WOW: Very true! What's one piece of advice you would give to new writers?
Rebecca: Don't be a diva. To succeed in this business, you need to be able to take criticism, be enjoyable to work with, be flexible, and make many more friends than enemies. If you can do all that and be true to yourself as a writer, then nothing can hold you back.
WOW: Thank you for that wonderful advice. Please keep WOW! readers informed on your next book. We'd love to hear about it.
Readers, don't forget, you can enter to win a copy of this wonderful book, Inside These Walls, by entering the Rafflecopter form below! Good luck!
I'm in the midst of a big revision right now, and I'm doing things a little differently. I had two influences.
The Plot Whisperer
In The Plot Whisperer Martha Alderson writes about making sure that scenes include dramatic action, character development, and thematic significance. I'm working with a chart to keep track of those three elements in each chapter. What about material that doesn't relate to any of those things?
Some Disappointing Reading
For several years, one of my sons and I have been slowly making our way through a beloved fantasy series. I gave him the next volume last year for Christmas. He passed it on to me earlier this year with the comment, "It's not very good."
I finally started reading it a few weeks ago, and I have to agree with my offspring's assessment. Right away I could tell what was bothering me about the book. There was lots of clever, even amusing, material that didn't relate to any story. It didn't deal with the dramatic action and character development Alderson wrote about, and that early into the story I had no way of knowing if it had anything to do with thematic significance. This somewhat random wordiness made the book slow reading. It was difficult to tell just what the narrative line was, so I had little desire to follow it. In fact, I've put the book aside.
What Does This Mean For My Project?
Taking the two influences together--Alderson's contention that dramatic action, character development, and thematic significance be included in every scene and my reading of a book with scenes that included a lot of material that didn't relate to any of those things--led me to become hyperaware of material in my manuscript that had nothing to do with action, character, or theme. What I'm finding is that a lot of that material no longer seems necessary. It drags down my reading. So it's being cut.
My long-suffering Facebook Friends heard me go on at length yesterday about the 120 plus or minus cupcakes I had to ice and box up. During a roughly 6-hour period I also made an additional two-dozen cupcakes that didn't need icing as well as some mini-meatloaves and asparagus for dinner.
Yeah, yeah, yeah, Gail. But did you do any writing?
I did some yesterday morning. And that led to something happening yesterday during my cupcake binge.
While I was revising a chapter yesterday morning, I realized that a lot of what I was reading was similar to what I'd read in the chapter before. I felt that the new chapter was necessary because it dealt with the protagonist's parents' response to what he was doing. But this is a mystery, and the details being discussed had all appeared in the chapter before. If I couldn't come up with a new significant step in the story, I might need to eliminate a section. If I eliminated a section, I might be left with a hole in the plot that would need to be filled.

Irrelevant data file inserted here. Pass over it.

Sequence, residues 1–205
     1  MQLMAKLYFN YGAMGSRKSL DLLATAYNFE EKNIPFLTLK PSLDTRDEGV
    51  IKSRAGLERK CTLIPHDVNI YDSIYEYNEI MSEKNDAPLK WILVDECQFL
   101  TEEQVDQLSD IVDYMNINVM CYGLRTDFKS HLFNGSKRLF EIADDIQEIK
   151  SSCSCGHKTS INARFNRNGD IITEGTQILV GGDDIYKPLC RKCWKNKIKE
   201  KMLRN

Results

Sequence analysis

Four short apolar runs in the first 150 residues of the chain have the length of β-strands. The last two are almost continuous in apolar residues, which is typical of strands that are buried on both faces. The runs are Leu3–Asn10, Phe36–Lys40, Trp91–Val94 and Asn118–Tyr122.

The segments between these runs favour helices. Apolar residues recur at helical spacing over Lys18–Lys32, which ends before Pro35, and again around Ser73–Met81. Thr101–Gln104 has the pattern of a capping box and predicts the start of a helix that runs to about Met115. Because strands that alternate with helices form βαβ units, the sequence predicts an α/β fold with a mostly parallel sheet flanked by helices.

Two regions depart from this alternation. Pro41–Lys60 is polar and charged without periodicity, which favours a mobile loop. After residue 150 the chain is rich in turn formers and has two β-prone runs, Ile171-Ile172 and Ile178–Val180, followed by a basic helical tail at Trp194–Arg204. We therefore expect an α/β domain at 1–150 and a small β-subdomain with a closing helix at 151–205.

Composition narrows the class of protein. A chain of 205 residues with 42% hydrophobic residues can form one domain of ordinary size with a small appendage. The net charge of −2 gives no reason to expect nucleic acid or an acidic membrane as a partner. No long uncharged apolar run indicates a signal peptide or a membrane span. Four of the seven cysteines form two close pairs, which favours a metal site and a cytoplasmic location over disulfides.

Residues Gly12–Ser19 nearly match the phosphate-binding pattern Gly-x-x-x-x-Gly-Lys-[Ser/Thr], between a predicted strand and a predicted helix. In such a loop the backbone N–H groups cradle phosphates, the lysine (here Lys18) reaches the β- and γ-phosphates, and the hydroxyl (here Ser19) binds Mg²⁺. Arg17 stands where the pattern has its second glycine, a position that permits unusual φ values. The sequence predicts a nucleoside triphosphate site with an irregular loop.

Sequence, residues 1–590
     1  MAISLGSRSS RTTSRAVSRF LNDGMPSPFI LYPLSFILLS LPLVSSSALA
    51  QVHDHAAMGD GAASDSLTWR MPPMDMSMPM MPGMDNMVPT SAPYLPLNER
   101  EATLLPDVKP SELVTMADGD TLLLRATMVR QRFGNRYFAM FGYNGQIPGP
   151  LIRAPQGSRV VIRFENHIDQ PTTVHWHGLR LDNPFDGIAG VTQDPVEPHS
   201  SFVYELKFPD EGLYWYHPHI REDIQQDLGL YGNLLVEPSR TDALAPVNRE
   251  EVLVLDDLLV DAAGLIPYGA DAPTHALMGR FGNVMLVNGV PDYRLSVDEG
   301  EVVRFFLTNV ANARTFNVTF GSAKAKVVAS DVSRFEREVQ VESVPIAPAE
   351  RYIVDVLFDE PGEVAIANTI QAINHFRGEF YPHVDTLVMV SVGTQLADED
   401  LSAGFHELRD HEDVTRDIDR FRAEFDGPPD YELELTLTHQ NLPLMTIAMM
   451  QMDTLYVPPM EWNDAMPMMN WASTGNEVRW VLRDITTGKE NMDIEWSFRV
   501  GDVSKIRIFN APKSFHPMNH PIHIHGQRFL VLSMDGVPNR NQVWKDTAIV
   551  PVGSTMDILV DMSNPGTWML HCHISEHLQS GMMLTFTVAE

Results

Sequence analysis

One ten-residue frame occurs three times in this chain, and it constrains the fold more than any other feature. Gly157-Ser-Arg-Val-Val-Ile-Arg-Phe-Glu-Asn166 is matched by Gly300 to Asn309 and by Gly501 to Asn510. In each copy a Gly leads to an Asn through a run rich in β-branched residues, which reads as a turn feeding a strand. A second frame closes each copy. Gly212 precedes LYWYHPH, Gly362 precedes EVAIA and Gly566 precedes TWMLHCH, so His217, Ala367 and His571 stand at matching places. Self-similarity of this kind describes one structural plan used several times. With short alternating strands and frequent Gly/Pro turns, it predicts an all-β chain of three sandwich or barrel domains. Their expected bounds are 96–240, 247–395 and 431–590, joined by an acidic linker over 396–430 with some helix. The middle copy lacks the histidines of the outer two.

While I was working on cupcakes, the significant step I needed came to me. I had a breakout experience. With breakout experiences it's easy to focus on the breakout, because that idea/thought is so important. But the breakout can't come without some input first. You take in information, work to a point at which nothing more is happening for you, then let your brain relax with a totally different activity. Like icing and fancying up cupcakes.
So the work/input is important, maybe the most important part of the process.The more you work, the more opportunities you have for breakout experiences. Conversely, the less you work, the fewer opportunities you'll have for those breakouts. Writing every day won't insure a daily breakout experience, but it increases your opportunities for having them at some point.
In fact, writing every day helps make it possible for you to keep working when you're not, technically, working because you're relaxed brain is doing something with the material you provided it with earlier in the day.
Things went a lot better this past Thanksgiving weekend. This year I used a smaller unit of time to keep me at work--a twenty minute sprint. With that I was able to squeeze in a little writing every day except Thanksgiving, itself.
Why Was I Able To Work More On Thanksgiving Weekend This Year?
I think sprinting worked for a number of reasons:
Yes, twenty minutes is less time than the forty-five minute blocks I usually work in, so it's easier to find that short a chunk of time and stick with it.
I'd been sprinting once a day on workdays for a month or two in addition to my other work, so I had some practice with it.
I'd been trying to sprint on weekends for a month or two, so I had some practice with it.
I use a laptop now, which means I'm not tied to one spot in the house for work. My laptop is often wandering around the house with me, so grabbing it for a twenty-minute sprint on the couch or at the dining room table or even the kitchen counter is incredibly easy. There is no thinking about when I can force myself to the office.
What A Twenty-Minute Sprint Does For An Organic Writer